Sony shows off Vision-S electric car, driving Sony's idea of the future of connected cars

Humza

Posts: 634   +158
Staff member

Sony doesn't plan on selling electric cars anytime soon, but the company's first effort with the Vision-S concept certainly looks promising. Focused on the evolution of safety, adaptability, and entertainment in cars of the future, Sony partnered with several heavyweights in the auto industry to come up with its connected car platform, demonstrating it in a car built by the same team that put together Sony's cutesy Aibo robot dog.

Codenamed 'Safety Cocoon,' the technology on-board the EV consists of over 30 sensors for making the car aware of its surroundings. These include CMOS image sensors, solid-state LiDAR and Time of Flight (ToF) sensors for detecting vehicles, objects and people, enabling day/night time vision and providing driving support with up to Level 2 autonomous capability.

The car's exterior has hints of Tesla and Lucid Motors around the sides and rear, while the front looks to be inspired by the Porsche Taycan. In terms of propulsion, the Vision-S is powered by a dual-motor setup making a combined 400kW (536hp) through an all-wheel-drive system, enabling it to reach 0-62mph in 4.8 seconds with a top speed of 149mph.

Range figures are likely out of the question since the car won't be going into production, though Sony says it did a full road test of the Vision-S to ensure that the car and its tech comply with safety regulations.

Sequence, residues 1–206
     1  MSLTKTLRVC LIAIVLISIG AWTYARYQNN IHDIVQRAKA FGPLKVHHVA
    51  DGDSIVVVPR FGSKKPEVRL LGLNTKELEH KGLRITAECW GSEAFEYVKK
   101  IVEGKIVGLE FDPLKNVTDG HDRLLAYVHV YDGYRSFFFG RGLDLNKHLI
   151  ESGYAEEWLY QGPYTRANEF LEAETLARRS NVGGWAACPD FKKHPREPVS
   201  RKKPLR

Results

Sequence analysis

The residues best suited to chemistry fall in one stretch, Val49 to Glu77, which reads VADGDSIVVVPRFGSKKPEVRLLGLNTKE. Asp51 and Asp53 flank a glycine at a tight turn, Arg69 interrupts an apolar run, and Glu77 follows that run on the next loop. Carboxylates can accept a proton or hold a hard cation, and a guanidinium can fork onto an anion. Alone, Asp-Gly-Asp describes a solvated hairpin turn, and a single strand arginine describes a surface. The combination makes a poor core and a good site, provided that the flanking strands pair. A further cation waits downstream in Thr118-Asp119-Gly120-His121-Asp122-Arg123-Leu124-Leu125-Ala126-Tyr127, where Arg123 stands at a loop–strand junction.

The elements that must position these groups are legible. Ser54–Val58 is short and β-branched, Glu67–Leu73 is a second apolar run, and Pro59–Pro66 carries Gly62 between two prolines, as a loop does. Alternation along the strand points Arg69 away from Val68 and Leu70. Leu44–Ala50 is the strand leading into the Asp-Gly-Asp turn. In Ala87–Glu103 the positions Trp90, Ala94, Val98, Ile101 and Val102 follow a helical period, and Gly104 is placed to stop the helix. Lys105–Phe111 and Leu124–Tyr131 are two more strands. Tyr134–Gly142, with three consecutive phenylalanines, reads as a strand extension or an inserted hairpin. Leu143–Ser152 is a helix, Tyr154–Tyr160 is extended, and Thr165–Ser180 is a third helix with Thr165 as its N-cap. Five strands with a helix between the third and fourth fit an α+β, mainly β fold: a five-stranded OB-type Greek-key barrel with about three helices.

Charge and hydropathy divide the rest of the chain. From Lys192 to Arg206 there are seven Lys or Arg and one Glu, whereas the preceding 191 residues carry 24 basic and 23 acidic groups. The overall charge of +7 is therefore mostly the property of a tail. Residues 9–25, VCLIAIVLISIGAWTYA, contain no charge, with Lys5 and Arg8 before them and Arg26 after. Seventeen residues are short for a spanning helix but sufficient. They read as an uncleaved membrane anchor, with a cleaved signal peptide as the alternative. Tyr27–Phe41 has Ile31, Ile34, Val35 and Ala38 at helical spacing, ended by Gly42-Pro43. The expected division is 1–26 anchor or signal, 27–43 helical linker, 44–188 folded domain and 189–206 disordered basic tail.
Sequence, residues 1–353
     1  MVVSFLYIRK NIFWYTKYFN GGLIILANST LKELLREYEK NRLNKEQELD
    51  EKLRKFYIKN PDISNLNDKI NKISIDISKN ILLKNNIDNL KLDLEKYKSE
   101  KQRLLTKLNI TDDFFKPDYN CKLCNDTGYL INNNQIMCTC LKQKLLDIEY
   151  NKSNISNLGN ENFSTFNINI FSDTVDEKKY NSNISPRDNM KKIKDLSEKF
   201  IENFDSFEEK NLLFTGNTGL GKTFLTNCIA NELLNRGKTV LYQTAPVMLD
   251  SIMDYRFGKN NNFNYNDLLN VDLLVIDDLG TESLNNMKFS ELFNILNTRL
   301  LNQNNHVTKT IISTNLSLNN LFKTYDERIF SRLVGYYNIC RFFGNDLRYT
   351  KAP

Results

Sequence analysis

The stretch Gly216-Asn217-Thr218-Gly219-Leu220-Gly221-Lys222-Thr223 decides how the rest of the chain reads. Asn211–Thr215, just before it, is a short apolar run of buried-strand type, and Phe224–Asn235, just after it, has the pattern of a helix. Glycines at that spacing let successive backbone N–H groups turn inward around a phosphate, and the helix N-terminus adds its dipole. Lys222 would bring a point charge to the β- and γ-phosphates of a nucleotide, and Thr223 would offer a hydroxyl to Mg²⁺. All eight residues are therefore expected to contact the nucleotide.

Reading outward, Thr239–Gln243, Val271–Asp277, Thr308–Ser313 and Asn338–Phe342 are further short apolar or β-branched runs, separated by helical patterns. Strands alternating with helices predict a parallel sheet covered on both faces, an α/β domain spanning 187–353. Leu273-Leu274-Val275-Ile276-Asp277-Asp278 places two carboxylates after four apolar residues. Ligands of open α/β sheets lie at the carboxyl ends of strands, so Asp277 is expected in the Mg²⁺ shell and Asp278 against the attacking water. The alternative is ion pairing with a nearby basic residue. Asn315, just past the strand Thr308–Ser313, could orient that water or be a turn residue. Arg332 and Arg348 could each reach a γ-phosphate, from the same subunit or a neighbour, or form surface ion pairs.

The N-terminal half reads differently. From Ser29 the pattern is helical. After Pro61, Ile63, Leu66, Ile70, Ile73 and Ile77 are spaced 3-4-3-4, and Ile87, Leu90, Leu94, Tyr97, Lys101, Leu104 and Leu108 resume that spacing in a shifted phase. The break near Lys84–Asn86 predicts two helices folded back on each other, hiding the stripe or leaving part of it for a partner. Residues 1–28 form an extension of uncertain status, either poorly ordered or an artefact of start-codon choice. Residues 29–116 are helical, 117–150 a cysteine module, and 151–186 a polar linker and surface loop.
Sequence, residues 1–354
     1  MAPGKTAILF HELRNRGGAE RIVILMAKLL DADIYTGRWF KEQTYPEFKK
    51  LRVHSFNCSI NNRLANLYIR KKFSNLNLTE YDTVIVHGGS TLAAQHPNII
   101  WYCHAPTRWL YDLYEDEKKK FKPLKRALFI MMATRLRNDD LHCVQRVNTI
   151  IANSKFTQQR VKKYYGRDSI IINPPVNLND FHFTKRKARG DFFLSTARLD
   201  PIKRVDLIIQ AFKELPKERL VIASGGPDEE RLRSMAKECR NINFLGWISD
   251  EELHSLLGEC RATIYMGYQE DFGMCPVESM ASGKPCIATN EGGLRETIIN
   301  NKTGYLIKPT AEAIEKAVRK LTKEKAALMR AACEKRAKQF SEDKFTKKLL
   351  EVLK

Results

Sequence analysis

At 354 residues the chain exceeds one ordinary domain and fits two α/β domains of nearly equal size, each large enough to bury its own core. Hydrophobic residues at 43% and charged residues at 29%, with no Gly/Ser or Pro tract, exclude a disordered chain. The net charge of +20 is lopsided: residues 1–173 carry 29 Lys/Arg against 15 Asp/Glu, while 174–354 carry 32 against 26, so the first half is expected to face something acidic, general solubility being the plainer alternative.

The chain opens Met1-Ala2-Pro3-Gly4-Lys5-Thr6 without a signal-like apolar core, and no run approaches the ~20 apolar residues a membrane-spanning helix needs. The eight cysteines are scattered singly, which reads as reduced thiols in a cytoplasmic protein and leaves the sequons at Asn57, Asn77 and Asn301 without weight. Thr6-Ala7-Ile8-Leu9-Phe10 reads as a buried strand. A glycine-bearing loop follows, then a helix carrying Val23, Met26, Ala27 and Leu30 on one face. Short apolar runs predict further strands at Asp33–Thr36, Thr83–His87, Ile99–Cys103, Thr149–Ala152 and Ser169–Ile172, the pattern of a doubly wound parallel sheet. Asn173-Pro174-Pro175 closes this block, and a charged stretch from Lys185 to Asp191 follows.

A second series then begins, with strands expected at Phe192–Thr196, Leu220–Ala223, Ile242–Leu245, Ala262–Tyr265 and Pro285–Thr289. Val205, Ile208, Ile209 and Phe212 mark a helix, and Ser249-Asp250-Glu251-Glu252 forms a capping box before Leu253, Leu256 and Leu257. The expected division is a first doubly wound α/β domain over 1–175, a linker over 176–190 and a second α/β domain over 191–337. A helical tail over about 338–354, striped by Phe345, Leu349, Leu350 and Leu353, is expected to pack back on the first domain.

The EV platform underpinning the Vision-S is built by Magna, a Canadian manufacturer with notable clients like GM, Ford, and Tesla. Meanwhile, Sony also partnered with Bosch, Blackberry, Continental, Nvidia, and Qualcomm for other components of the car.

The cabin features Sony's 360 Reality Audio that puts a speaker in each of the four seats with object-based spatial audio for an immersive listening experience. There's also a panoramic widescreen across the entire dashboard and two touchscreens for rear passengers.

In terms of adaptability, Sony's "software-oriented design" is meant to provide over-the-air updates, a personalized user interface for each driver and a flexible automotive platform that can also be used with SUVs and vans.

"This prototype embodies our contribution to the future of mobility,” said Sony CEO Kenichiro Yoshida, adding that its evolution would also redefine cars as a new entertainment space.

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Uncle Al

Posts: 6,936   +5,220
What a shame .... it's a good looking car and if Sony got into the market it could inspire a whole new generation of car builders, which ultimately would be best for the consumer .....
 

ShagnWagn

Posts: 1,290   +1,071
Connected car? Sure, I don't see any reason for concern on their terrible security. Especially how secure all their TVs are... Or any computer for that matter.

Keep your self-wrecking cars off the public streets so we have no more needless deaths.